By Roger Katz
“The basic tool for the manipulation of reality is the manipulation of words. If you can control the meaning of words, you can control the people who must use the words.” – Philip K. Dick
In a recent article titled Texas Shooting Brings new Urgency to Gun Debate in Congress, the New York Times presses Congress to cave to the frenetic urging of the Leftist antigun crowd, hell-bent on further weakening the Second Amendment. They believe they have an opening in the recent spate of random shootings that occurred in El Paso, Dayton, and now, Odessa.
Exploiting these tragedies, they appeal to emotion, rather than to reason, employing the informal logical fallacy of ad misericordiam, the fallacy of appealing to pity, and misery, and sympathy, playing on the public’s emotions, rather than appealing to reason, to obtain their goal.
That goal is an unarmed citizenry that, should it come to pass, won’t secure public safety, but would further endanger the lives of the citizenry and be an open invitation to tyranny. Where will appeals to pity and sympathy for Americans rest, then?
Extremist elements are hammering Congress, first and foremost to enact more expand background checks, even as the Times acknowledges in its own story that . . .
In fact, whether a background check would have prevented the West Texas gunman from acquiring his weapon is not known. Chief Michael Gerke of the Odessa Police Department said the gunman, who had been fired from a trucking job, had used an AR-15-style rifle, but had a criminal record. It was not clear on Sunday whether the gun had been acquired legally, and the authorities stressed that they had not established a motive.
It was subsequently determined that the Odessa shooter obtained his gun through an illegal sale.
What is deeply disturbing is that President Trump seems to be allowing himself to be caught up in the frenzied emotion of the moment as well, seeming to give in to moronic emotional, irrational rhetoric spawned by another convenient shooting incident.
We say this because President Trump has himself resorted to using the same language of the anti-gun zealots; “common-sense” gun laws; “really common-sense sensible, important background checks.” This as he appears to be actively considering the proposals coming from Presidential Democratic Party candidates.
The New York Times details this in their typical fashion. The article, appearing in the national news section of the paper, reads more like an op-ed than a news story. But, then, from the content of New York “news” reporting today it’s clear that no distinction between the reporting and opining exists any longer.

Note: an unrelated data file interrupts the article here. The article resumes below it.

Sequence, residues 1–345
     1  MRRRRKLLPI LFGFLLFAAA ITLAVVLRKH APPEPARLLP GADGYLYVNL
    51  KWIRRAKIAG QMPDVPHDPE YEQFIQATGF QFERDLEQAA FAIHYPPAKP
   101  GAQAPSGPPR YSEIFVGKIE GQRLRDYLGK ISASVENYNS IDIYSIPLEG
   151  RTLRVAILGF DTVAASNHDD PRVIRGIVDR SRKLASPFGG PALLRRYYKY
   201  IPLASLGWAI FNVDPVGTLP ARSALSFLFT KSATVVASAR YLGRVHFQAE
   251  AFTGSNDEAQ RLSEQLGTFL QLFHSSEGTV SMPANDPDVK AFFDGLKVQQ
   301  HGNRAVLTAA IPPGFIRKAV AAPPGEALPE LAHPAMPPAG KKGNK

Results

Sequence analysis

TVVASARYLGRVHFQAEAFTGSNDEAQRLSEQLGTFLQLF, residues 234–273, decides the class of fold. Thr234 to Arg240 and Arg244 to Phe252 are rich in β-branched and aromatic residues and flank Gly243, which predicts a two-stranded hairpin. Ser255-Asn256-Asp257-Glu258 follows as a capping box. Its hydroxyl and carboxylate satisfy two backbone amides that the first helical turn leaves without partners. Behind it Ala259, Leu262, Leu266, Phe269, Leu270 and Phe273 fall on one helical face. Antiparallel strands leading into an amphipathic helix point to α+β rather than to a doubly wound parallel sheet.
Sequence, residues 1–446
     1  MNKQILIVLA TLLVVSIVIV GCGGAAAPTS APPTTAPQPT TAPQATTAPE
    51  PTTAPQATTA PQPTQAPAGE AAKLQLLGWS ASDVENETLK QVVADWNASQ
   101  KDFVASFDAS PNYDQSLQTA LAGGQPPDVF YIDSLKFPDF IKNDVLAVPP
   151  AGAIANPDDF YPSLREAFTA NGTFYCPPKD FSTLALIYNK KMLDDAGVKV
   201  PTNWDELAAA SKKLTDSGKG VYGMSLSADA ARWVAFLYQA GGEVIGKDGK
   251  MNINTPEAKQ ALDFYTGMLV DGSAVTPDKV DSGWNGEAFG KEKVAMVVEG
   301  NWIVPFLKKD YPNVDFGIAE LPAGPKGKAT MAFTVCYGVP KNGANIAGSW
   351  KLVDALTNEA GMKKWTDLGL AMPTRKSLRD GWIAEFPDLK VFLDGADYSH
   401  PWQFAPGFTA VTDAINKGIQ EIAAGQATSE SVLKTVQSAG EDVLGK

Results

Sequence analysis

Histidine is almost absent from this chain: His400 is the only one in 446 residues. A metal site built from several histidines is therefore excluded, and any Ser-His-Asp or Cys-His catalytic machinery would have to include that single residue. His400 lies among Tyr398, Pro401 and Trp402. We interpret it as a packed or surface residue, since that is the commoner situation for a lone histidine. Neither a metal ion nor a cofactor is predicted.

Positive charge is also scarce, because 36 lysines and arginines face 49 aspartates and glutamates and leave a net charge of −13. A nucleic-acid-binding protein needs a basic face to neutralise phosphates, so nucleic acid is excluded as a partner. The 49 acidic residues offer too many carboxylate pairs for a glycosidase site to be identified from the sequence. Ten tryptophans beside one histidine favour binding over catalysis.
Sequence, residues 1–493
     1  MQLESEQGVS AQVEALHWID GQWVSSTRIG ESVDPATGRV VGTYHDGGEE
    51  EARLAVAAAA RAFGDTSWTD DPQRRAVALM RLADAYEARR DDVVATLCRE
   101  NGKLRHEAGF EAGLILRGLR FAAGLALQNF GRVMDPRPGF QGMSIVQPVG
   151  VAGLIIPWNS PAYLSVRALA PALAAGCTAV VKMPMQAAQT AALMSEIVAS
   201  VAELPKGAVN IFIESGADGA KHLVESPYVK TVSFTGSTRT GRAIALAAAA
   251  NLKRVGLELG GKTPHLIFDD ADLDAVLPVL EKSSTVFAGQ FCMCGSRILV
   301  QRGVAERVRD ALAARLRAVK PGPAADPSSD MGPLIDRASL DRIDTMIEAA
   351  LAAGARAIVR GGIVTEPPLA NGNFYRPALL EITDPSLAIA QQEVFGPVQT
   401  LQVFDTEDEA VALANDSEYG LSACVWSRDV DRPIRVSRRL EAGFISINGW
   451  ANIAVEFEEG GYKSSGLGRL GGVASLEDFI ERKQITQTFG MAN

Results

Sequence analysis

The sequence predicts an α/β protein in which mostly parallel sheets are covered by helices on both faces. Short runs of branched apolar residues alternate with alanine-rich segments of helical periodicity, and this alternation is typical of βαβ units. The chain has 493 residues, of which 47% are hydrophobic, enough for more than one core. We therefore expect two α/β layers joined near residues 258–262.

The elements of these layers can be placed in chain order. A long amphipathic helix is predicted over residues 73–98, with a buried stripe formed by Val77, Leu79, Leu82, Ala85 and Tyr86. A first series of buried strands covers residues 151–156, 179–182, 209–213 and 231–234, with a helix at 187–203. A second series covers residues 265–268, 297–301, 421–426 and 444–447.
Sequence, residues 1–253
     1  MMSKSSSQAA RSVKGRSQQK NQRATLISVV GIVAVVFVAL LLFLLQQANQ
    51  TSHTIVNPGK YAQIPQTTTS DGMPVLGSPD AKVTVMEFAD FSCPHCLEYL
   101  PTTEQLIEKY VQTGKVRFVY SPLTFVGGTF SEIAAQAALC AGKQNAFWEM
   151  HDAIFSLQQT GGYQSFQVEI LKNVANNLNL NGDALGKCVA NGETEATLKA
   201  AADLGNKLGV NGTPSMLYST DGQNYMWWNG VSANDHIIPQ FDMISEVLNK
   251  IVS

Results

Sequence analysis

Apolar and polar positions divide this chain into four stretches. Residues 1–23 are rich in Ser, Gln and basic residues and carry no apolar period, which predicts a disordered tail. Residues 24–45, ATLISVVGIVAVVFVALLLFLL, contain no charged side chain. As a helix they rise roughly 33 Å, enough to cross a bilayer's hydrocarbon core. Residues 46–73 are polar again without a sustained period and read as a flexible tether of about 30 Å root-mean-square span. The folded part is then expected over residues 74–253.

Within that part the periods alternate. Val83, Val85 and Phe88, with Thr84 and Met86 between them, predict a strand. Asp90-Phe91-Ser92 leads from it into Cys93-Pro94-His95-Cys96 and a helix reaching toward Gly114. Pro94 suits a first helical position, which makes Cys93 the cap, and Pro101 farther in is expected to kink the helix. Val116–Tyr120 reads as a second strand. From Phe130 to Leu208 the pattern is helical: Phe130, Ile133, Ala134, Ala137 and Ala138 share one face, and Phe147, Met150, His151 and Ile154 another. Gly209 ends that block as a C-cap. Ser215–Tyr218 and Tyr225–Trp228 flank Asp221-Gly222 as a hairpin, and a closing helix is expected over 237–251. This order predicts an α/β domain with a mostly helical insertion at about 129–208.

The deadly shooting spree in West Texas this weekend — the latest in an especially gruesome summer of massacres — has intensified pressure on congressional Republicans to take up gun safety legislation, giving fresh urgency to a debate that was already expected to be at the top of lawmakers’ agenda when they return to the Capitol next week.
The attack in Midland and Odessa, Tex., which left seven dead and 22 wounded, comes weeks after a 24-year-old gunman with an assault weapon killed nine people in Dayton, Ohio, in early August. That massacre, hours after one that killed 22 people at a Walmart in El Paso, thrust gun violence into the Washington debate just as Congress left town for its annual August recess.
President Trump expressed new openness to gun safety laws — including, he said then, “really common-sense sensible, important background checks” for gun buyers — and Senator Mitch McConnell, the Republican leader, promised a Senate debate. But in the weeks since, with lawmakers scattered across the country in their home districts, the issue seemed to drift from public view.
Now it has come roaring back, with Congress set to return on Sept. 9. At a briefing about Hurricane Dorian at Federal Emergency Management Agency headquarters on Sunday, Mr. Trump, who has a record of flip-flopping on gun safety, pledged to find a way to “substantially reduce” mass shootings. But he earlier appeared to dismiss background checks, telling reporters that “they would not have stopped any of it.
Behind the scenes, in the wake of the El Paso and Dayton shootings, White House officials have been quietly engaged in talks with senators who support expanding background checks and enacting so-called red flag laws. The laws make it easier for law enforcement to confiscate guns from people deemed dangerous by a judge without benefit of due process.
Senator Richard Blumenthal of Connecticut said in Sunday morning talk show interview that the two sides still seemed far apart. Blumenthal said much would depend on whether the president, who has been consulting with the National Rifle Association, was willing to stand up to the powerful gun rights lobbying group.
‘I think there is a sense that the American people just desperately want something to be done, and they have to respond to that imperative,’ he said, ‘but are so far nowhere near crossing the Rubicon to stand up to the gun lobby and the N.R.A. as far as I can tell.’”
Thank you, New York Times, for spinning elaborate fairy tales about the horrors of guns and “gun violence,” and about the evil, “powerful gun rights lobbying group.”
We suspect the Founders — people who knew a thing or two about tyranny and the importance of a free populace — would be less than thrilled by the headlong rush toward disarming a free sovereign people, living in a free land.
This article was originally published at arbalestquarrel.com and is reprinted here with permission.